dew point / condensation / condensation water

How is the reaching of the dew point, condensation or condensation water on the cooling surfaces avoided at high heat with high humidity (e.g. 95%)?

There are several possibilities:

  1. Sliding increase of the cooling water temperature depending on the humidity (enthalpy)
  2. Switching off the cooling by dew point sensor
    A dew point sensor is installed on each cooling circuit. It changes its electrical resistance depending on the air humidity. If there is a dew point risk, the corresponding cooling circuit is switched off (actuator closed). When the dew point risk no longer exists, this safety switch-off is automatically cancelled again.
  3. Dehumidification of the room air with an additional ventilation system
    Cooling ceiling or wall cooling reduces the necessary size of the ventilation system and requires 2 to 3 times less air exchange compared to the solution without surface cooling.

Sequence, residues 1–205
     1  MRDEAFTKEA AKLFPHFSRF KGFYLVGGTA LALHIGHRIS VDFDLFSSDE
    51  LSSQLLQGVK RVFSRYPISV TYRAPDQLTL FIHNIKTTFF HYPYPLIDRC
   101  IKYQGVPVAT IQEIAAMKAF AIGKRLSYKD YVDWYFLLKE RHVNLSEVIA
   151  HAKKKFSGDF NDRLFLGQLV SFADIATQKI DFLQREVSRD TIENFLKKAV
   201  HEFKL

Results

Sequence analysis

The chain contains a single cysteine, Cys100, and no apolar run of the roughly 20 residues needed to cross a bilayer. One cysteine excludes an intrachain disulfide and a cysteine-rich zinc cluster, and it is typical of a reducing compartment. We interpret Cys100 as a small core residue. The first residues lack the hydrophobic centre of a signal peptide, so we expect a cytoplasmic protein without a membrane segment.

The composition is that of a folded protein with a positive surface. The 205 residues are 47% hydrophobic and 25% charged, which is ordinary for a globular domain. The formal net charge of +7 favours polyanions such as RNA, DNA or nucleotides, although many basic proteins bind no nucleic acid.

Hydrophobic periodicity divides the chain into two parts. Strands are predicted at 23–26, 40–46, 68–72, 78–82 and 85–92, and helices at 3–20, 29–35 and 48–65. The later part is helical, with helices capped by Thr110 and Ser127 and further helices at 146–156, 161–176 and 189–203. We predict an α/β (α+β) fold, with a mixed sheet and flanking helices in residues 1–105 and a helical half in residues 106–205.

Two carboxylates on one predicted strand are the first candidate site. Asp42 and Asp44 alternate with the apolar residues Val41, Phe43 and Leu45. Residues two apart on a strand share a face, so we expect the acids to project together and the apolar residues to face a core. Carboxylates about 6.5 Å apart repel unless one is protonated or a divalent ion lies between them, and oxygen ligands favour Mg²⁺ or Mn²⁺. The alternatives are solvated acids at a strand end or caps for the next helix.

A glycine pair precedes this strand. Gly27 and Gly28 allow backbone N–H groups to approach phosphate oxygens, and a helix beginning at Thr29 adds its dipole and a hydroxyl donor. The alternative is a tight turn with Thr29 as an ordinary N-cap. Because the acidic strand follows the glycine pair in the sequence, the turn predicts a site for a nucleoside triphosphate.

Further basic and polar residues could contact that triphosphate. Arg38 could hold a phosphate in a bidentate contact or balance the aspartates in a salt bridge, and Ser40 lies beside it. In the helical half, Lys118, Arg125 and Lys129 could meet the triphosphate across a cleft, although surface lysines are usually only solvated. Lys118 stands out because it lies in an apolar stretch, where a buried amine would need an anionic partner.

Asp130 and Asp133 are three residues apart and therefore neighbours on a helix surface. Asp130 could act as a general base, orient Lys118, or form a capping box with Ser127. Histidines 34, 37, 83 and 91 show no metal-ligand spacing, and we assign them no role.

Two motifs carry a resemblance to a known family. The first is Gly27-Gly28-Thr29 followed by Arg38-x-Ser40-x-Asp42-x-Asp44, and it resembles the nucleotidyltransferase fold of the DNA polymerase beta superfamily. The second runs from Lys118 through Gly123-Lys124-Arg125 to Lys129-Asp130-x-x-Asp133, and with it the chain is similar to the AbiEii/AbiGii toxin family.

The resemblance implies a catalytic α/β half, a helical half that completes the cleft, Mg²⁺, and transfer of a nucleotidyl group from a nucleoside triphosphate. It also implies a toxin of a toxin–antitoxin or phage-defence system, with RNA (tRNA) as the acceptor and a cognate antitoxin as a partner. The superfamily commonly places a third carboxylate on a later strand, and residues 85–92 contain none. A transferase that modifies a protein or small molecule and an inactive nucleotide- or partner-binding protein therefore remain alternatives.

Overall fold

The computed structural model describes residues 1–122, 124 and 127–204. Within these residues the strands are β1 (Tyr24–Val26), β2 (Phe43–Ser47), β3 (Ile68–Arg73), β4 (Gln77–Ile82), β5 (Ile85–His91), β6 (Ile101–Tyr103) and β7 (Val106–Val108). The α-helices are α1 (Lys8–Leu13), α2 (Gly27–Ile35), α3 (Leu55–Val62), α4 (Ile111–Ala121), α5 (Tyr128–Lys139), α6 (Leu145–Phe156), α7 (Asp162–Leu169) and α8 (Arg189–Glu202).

4. Installation of the convector GRAVIMAT
    The GRAVIMAT offers besides the heating and cooling function also the possibility of dehumidification. The warm air enters the convector, cools down, moisture or condensate condenses on the capillary tubes, and is collected in a condensate tray and removed.

room temperature

What room temperature can be reached when heating/cooling?

The room temperature that can be achieved depends mainly on the following conditions:

a) Heating capacity/Cooling capacity of the activated surface, depending on: